John Paine - August Finance Newsletter
Rising inflation, oil prices and interest rates continue to dominate the world economic news. Financial markets are extremely volatile.
Last week the New Zealand Reserve Banks kept the Official Cash Rate at 7.25%, while earlier in the month the Australian Reserve Bank kept theirs at 5.75%. Both moves were expected by economists and commentators.
There were however some not so subtle differences in the statements accompanying the announcements here and in Australia.
Here Reserve Bank governor Alan Bollard said "We do not expect to have to tighten the OCR further in this cycle", but also said "it will be some time before an easing in the OCR can be considered." It looks like any cuts are now at least nine months away - and more likely a year.
Some economists believe inflation here is a real threat and the New Zealand Reserve Bank has only a short time to get it under control before the next election. There is a growing school of thought that a further rate rise in the OCR is possible.
Over the Tasman economists believe the Reserve Bank of Australia will lift their cash rate to 6% next Wednesday, and once more again this year, as news came through that Australian annual inflation had hit 4%. This is the highest since the 1995 December quarter. It's already 4% here.
The narrowing interest rate gap means we can expect the exchange rates between our two countries to widen as investors sell out of New Zealand dollars and buy Australian dollars backed by a stronger economy driven by the commodity boom. This could be bad news for our dollar with all the Uridashis and Eurokiwis about to mature - to see my June newsletter on this subject
Over the last couple of weeks the NZD/AUD registered some of its largest falls and will remain under pressure for the reasons given above.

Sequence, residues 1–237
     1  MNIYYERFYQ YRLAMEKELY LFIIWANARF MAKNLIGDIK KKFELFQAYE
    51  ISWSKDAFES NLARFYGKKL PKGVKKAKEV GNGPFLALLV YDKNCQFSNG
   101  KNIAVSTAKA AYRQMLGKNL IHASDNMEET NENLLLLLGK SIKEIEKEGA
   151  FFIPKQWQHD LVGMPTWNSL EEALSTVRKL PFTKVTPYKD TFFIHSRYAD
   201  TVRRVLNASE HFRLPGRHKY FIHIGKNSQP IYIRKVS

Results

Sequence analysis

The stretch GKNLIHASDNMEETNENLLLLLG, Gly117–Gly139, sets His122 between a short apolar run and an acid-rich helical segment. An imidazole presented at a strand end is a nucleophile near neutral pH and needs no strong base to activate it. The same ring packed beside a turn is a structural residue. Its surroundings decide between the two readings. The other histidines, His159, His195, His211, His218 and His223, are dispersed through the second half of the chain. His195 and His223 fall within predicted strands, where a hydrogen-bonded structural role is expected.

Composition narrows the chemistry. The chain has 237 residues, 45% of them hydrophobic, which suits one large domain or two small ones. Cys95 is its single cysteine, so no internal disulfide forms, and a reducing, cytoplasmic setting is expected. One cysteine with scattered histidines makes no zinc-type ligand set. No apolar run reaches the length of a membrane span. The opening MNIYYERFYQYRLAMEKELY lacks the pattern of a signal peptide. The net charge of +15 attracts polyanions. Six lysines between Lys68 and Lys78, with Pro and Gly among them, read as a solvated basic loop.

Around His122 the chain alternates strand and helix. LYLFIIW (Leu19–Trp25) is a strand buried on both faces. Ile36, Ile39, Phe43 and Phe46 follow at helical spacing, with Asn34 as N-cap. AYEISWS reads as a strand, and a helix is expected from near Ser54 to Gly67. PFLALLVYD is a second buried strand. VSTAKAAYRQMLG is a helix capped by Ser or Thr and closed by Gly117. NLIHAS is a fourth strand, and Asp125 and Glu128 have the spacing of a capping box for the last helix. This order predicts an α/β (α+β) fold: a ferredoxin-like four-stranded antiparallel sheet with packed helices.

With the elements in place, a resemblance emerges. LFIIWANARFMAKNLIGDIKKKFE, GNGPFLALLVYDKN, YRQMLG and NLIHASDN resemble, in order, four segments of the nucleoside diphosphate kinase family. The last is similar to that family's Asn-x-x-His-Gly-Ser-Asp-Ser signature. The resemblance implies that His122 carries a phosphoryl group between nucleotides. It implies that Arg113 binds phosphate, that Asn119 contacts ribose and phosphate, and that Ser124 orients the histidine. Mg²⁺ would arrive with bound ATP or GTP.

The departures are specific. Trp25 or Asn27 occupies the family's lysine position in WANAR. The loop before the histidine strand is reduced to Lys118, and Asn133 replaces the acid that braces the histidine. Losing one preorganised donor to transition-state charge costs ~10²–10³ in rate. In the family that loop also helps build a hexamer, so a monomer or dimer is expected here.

Meanwhile U.S. Federal Reserve Chairman Ben Bernanke has issued warnings that stubbornly high inflation could harm the U.S. economy. He said the economy appeared to be "in a period of transition" to more moderate growth from the swift advances earlier in the year.
The Federal Reserve has raised benchmark overnight borrowing costs to 5.25% in 17 small steps dating back to June 2004 and he said he saw "significant uncertainty" about federal funds rate policy going forward. It looks like the jury's still out on whether the Fed will pause when it meets on the 9h of August our time. Their base rate is now at its highest level in more than five years.
As we predicted - and have seen - fixed mortgage rates here have increased and broken through the 8% barrier. 1 and 2 year rates are now in the 7.85% - 8.9% range. The 5 year rates are currently the lowest and range between 7.65% and 8.36% - I recommended fixing longer in last month's newsletter.
The increased rates are now starting to bite and will slow the housing market and the economy further as more and more fixed mortgages mature.
According to a recent ANZ Bank Market Focus, $40.7 billion or 43% of existing fixed rate mortgages will become due for renewal in the next 12 months - the bulk in the period October to December. The weighted average interest rate of these is 7.45% so borrowers are facing a rise of 0.5% to 1% on current rates. And this could be higher if global rates continue to rise further.
Add the increased price of petrol - you do notice it don't you - higher local authority rates on houses, and higher power costs to name a few, and one would have to expect a slowing in the housing market and consumer spending.
Yes, the housing market. Everywhere I look economists are saying globally, the housing markets are cooling. But are they?
In Australia real estate is booming again. A rush in sales has increased lending to home owners by 24% in a year. Borrowing by owner occupiers to buy existing homes is now 29% higher than the peak of the 2003 boom. Investors have also returned to the market with mortgage lending up 21% in nine months.